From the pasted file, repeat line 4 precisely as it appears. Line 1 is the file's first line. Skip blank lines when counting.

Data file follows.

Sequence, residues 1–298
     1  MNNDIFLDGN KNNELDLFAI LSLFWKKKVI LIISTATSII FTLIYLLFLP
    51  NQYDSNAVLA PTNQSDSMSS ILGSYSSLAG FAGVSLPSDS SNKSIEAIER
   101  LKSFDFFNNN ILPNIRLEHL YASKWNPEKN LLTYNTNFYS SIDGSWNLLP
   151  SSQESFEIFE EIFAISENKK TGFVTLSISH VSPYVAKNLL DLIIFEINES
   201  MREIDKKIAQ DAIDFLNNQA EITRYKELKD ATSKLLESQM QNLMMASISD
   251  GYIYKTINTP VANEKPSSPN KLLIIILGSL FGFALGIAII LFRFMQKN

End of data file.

   101  LKSFDFFNNN ILPNIRLEHL YASKWNPEKN LLTYNTNFYS SIDGSWNLLP